At least five killed in open-pit coalmine collapse in north China

At least five people have died and 48 are missing after an open-pit coalmine collapsed in Inner Mongolia, an autonomous region in north China.

One of the walls of the mine caved in at about 1pm local time on Wednesday, burying workers in tonnes of rocks and sand. Another collapse occurred five hours later, forcing the rescue operation to halt. The search resumed on Thursday morning, with fireengines, SUVs, bulldozers and rescue dogs being mobilised from across the province.

About 900 government-approved rescue workers were at the scene, and residents in the area had been sent to a neighbouring town. President Xi Jinping called for “all-out efforts in search and rescue” and the maintenance of “social stability”.

An investigation into the cause of the disaster was under way. Drone footage suggested the pile of debris left by the collapse was about 500 metres long.

The mine is operated by Inner Mongolia Xinjing Coal Industry. Last year the company was fined for several safety violations, including insecure routes in and out of the mine and unsafe storage of volatile materials. In June 2022, two workers were found to be working in the mine without the correct certification.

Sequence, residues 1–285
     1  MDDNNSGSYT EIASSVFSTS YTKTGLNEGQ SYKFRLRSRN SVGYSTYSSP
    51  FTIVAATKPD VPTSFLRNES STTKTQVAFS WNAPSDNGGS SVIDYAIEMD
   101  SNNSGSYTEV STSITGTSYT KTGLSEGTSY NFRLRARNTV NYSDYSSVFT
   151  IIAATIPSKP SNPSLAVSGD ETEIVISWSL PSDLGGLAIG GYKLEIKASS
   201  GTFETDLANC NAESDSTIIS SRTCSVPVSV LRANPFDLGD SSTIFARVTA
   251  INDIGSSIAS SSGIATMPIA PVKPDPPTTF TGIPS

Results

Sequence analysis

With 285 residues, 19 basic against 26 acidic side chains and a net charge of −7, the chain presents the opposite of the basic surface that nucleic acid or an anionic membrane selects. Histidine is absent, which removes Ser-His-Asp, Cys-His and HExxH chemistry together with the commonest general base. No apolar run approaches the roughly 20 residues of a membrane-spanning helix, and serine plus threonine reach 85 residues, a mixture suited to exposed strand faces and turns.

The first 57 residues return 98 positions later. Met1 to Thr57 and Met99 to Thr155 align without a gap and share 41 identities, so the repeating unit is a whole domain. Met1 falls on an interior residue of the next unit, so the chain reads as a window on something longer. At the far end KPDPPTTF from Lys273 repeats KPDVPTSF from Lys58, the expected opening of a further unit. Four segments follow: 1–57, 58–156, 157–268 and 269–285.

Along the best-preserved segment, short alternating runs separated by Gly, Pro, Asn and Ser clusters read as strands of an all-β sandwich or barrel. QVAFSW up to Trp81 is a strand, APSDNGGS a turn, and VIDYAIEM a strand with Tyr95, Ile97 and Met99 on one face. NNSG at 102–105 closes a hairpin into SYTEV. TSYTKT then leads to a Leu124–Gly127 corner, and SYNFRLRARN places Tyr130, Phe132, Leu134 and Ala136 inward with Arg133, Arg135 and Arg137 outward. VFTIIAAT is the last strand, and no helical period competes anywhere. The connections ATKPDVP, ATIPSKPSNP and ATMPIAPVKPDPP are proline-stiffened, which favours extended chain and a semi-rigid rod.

The company has also been involved in hundreds of lawsuits relating to unpaid debts between 2014 and 2022, according to state media. It has yet to issue a statement about the disaster.

Inner Mongolia is one of China’s top three coal-producing regions. Along with Shanxi and Shaanxi, it produces 90% of the country’s coal. In recent years the government has pushed for more output from the industry in an effort to boost GDP and stockpile fuel reserves. Last year China produced a record 4.5bn tonnes of coal, a 9% increase on 2021.

As companies seek to boost productivity and cut costs, accidents remain common. In July a coalmine in neighbouring Gansu province collapsed, killing 10 people and injuring six others.

In recent years the government has put a greater emphasis on the enforcement of safety regulations and forced some smaller mines that lack appropriate safety equipment to close. There were 356 mining accidents in 2021, down from 434 in 2020, according to official statistics.


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